The daily readings now turn to the Gospel of Mark, and in today’s Gospel, the Pharisees have been sent to Jesus “to ensnare him in his speech,” to stir up controversy, to use his own words against him.
They lead up to their question by praising his truthfulness and objectivity, exposing their own hypocrisy, and trying to ensure that he will be sincere and straightforward. Then they pose what seems to be a perfect question, one he cannot answer without stirring up trouble: should they pay the census tax to Caesar or not? Yes or no?
If Jesus says yes, then he is condoning the demands of Rome, responsible for the subjugation of the Jewish people. He will lose favor with the Jews who resent the Roman occupation.
If Jesus says no, then he can be accused of rejecting the sovereignty of Rome and encouraging others to act against Caesar. He will be effectively exposed as a rebel against Rome.
These Pharisees are sure they have come up with the perfect question, that they have outwitted Jesus at last, that they have created the perfect trap. Yes or no? Of course, Jesus sees through their question and IS straightforward, but not in answering their question. Instead, he calls them out by asking, “Why are you testing me?”
He asks that a denarius (the usual daily wage paid to a workman at that time) be brought to him. Then he answers their question with a question (as he often does): “Whose image is this?” It is, of course, the image of Caesar, who was often worshipped as a god. Then Jesus gives the answer that utterly amazes them: “Repay to Caesar what belongs to Caesar and to God what belongs to God.”
He has sidestepped the false dichotomy they had proposed. He reframes the issue and recalls the listeners to their primary responsibility. It is a statement and a challenge: We are in the world and must observe our duties in the world, including paying our taxes; but we are made for heaven and must observe our duty to God with even more attention! The coin is made with the image of Caesar, and so it should be given back to Caesar; WE are made in the image of God, and so we should give our whole selves back to God.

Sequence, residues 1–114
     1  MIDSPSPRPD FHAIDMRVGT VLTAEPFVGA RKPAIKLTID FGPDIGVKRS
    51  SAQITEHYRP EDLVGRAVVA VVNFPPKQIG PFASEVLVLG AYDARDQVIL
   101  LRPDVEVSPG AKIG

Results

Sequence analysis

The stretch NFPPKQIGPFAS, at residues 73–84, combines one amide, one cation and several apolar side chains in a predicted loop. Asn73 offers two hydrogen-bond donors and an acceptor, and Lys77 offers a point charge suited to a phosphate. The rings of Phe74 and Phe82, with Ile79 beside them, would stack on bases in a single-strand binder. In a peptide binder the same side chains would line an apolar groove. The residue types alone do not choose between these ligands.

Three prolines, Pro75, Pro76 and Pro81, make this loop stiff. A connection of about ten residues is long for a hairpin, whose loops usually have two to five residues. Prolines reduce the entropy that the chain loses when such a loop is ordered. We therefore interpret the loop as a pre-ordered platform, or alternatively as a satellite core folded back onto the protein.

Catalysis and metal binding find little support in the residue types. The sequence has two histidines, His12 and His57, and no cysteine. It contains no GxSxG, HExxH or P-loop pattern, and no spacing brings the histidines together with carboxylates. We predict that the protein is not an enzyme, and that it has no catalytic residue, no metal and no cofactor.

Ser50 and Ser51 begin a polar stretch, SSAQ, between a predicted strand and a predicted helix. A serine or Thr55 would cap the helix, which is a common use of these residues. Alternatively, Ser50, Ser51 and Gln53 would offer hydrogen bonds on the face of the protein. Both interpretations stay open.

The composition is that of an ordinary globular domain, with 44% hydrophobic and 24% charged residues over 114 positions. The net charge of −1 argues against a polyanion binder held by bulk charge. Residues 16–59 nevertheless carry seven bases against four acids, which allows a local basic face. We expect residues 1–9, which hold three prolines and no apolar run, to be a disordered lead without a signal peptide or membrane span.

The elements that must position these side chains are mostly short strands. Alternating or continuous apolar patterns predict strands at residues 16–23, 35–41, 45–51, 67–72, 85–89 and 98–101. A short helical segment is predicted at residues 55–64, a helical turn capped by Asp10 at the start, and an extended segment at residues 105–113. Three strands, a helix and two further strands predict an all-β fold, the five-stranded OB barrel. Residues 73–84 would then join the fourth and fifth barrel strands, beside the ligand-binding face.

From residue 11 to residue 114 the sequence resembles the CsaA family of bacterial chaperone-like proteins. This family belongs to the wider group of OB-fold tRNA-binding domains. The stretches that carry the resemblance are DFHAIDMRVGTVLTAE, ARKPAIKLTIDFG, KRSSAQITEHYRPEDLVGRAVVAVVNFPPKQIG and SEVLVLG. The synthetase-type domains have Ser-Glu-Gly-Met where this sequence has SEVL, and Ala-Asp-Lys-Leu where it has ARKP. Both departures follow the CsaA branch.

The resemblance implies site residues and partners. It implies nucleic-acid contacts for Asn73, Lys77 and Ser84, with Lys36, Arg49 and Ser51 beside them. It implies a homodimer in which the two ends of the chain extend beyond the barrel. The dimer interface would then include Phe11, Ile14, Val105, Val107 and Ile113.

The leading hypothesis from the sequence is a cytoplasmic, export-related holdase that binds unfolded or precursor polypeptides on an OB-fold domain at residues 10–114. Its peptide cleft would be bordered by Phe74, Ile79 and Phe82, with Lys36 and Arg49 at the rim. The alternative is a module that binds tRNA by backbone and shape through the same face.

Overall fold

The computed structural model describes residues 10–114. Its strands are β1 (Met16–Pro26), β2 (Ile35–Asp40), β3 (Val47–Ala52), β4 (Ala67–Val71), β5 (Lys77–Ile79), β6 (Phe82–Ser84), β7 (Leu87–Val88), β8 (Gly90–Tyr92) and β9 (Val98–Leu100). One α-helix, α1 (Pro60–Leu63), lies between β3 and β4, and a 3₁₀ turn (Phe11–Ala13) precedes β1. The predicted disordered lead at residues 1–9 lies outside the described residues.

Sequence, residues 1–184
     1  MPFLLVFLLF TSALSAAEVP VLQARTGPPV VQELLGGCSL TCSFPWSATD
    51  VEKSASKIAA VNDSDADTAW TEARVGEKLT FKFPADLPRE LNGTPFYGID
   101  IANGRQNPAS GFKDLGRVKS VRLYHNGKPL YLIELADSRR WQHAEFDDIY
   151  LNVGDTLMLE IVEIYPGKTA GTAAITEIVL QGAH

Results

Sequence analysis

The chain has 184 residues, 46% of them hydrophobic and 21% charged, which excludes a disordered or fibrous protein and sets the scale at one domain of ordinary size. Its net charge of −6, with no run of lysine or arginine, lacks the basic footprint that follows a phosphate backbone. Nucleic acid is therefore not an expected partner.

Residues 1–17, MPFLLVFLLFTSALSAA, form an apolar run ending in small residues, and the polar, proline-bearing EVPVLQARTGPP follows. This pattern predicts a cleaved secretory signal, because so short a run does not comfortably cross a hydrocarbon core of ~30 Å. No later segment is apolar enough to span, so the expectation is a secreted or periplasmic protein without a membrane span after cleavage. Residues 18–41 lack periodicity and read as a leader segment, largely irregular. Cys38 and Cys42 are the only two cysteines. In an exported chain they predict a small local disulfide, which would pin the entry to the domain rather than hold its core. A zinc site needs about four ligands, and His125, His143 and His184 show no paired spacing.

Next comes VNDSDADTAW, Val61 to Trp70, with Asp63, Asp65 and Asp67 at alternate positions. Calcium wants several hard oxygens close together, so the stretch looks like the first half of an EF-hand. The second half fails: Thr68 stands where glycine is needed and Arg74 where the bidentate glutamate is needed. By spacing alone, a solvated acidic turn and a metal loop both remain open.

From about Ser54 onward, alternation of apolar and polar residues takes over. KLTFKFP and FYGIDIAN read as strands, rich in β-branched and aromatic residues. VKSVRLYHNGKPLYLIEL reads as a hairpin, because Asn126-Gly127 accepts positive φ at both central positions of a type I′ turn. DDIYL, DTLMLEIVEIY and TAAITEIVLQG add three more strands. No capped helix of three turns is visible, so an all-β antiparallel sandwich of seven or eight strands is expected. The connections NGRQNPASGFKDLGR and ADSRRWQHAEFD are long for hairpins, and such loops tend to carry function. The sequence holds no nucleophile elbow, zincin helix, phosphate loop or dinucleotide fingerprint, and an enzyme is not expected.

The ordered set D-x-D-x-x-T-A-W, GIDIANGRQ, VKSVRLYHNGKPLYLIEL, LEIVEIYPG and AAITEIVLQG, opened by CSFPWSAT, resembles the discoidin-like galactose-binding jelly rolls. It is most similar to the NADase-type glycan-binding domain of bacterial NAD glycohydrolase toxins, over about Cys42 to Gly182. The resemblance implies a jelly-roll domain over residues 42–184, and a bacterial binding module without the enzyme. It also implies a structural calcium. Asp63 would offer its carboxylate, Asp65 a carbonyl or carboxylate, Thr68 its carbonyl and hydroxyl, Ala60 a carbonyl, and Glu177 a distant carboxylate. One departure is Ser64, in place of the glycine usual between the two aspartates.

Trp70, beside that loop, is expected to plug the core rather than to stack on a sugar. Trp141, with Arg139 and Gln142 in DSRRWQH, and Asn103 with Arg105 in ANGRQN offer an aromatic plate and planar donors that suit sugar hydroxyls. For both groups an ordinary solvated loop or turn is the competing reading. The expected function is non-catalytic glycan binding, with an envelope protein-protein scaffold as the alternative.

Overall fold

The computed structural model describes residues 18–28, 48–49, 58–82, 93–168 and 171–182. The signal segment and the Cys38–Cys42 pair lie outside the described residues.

Living in the world, we must be constantly reminded that our primary responsibility is to the God of Love, who chose us in Christ before the world began (Eph 1). Before God spoke creation into existence, we were chosen, desired, and willed by God!
Today, let us meditate on the truth that we were born “not of blood nor of the will of the flesh nor of the will of man, but of GOD” (Jn 1:13) and we must set our minds “on things that are above (where Christ is), not on things that are on earth” (Col 3:2).
Kathryn Mulderink, MA, is married to Robert, Station Manager for Holy Family Radio. Together they have seven children (including newly ordained Father Rob and seminarian Luke ;-), and two grandchildren. She is a Secular Discalced Carmelite and has published five books and many articles. Over the last 25 years, she has worked as a teacher, headmistress, catechist, Pastoral Associate, and DRE. Currently, she serves the Church as a writer and voice talent for Catholic Radio, by publishing and speaking, and by collaborating with the diocesan Office of Catechesis, various parishes, and other ministries to lead others to encounter Christ and engage their faith. Her website is https://www.kathryntherese.com/.